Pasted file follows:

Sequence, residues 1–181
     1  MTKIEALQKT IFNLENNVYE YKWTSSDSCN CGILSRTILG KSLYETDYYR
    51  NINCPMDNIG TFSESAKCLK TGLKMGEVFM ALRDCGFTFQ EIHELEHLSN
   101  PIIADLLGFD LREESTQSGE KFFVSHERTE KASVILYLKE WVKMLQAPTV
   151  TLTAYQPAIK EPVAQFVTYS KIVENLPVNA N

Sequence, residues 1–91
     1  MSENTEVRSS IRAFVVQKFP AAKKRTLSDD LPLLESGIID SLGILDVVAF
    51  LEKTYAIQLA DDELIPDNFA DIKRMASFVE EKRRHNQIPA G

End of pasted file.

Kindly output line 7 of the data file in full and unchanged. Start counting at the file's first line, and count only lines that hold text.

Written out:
     1  MSENTEVRSS IRAFVVQKFP AAKKRTLSDD LPLLESGIID SLGILDVVAF